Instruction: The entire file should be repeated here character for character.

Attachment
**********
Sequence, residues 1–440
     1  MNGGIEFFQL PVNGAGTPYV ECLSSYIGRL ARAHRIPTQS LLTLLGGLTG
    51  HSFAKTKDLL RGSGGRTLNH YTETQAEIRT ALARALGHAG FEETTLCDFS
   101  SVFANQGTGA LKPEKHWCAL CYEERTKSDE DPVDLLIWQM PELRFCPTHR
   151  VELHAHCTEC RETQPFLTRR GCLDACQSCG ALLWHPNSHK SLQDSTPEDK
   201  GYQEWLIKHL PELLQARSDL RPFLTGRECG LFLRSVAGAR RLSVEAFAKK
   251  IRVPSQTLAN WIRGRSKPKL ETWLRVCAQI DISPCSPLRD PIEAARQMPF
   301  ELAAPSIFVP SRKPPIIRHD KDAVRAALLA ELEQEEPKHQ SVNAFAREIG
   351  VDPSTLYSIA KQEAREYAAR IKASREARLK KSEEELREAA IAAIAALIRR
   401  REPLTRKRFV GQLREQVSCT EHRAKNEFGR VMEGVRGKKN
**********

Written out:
Sequence, residues 1–440
     1  MNGGIEFFQL PVNGAGTPYV ECLSSYIGRL ARAHRIPTQS LLTLLGGLTG
    51  HSFAKTKDLL RGSGGRTLNH YTETQAEIRT ALARALGHAG FEETTLCDFS
   101  SVFANQGTGA LKPEKHWCAL CYEERTKSDE DPVDLLIWQM PELRFCPTHR
   151  VELHAHCTEC RETQPFLTRR GCLDACQSCG ALLWHPNSHK SLQDSTPEDK
   201  GYQEWLIKHL PELLQARSDL RPFLTGRECG LFLRSVAGAR RLSVEAFAKK
   251  IRVPSQTLAN WIRGRSKPKL ETWLRVCAQI DISPCSPLRD PIEAARQMPF
   301  ELAAPSIFVP SRKPPIIRHD KDAVRAALLA ELEQEEPKHQ SVNAFAREIG
   351  VDPSTLYSIA KQEAREYAAR IKASREARLK KSEEELREAA IAAIAALIRR
   401  REPLTRKRFV GQLREQVSCT EHRAKNEFGR VMEGVRGKKN